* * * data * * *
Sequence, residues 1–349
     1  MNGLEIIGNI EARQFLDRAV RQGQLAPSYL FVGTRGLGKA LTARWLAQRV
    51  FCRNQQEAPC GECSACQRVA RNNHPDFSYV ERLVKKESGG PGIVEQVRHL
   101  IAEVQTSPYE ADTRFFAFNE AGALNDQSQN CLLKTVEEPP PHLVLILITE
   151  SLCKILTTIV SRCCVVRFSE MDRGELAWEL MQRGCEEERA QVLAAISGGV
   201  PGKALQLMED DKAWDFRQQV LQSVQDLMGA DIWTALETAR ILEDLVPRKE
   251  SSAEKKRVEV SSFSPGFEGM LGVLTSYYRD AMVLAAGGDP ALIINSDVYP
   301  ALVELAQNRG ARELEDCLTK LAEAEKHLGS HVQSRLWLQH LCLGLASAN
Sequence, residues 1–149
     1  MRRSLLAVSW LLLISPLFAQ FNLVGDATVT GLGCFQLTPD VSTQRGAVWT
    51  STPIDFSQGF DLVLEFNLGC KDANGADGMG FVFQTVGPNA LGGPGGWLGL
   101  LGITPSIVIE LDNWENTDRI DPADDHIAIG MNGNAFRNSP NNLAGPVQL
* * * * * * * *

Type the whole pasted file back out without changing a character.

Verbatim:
Sequence, residues 1–349
     1  MNGLEIIGNI EARQFLDRAV RQGQLAPSYL FVGTRGLGKA LTARWLAQRV
    51  FCRNQQEAPC GECSACQRVA RNNHPDFSYV ERLVKKESGG PGIVEQVRHL
   101  IAEVQTSPYE ADTRFFAFNE AGALNDQSQN CLLKTVEEPP PHLVLILITE
   151  SLCKILTTIV SRCCVVRFSE MDRGELAWEL MQRGCEEERA QVLAAISGGV
   201  PGKALQLMED DKAWDFRQQV LQSVQDLMGA DIWTALETAR ILEDLVPRKE
   251  SSAEKKRVEV SSFSPGFEGM LGVLTSYYRD AMVLAAGGDP ALIINSDVYP
   301  ALVELAQNRG ARELEDCLTK LAEAEKHLGS HVQSRLWLQH LCLGLASAN
Sequence, residues 1–149
     1  MRRSLLAVSW LLLISPLFAQ FNLVGDATVT GLGCFQLTPD VSTQRGAVWT
    51  STPIDFSQGF DLVLEFNLGC KDANGADGMG FVFQTVGPNA LGGPGGWLGL
   101  LGITPSIVIE LDNWENTDRI DPADDHIAIG MNGNAFRNSP NNLAGPVQL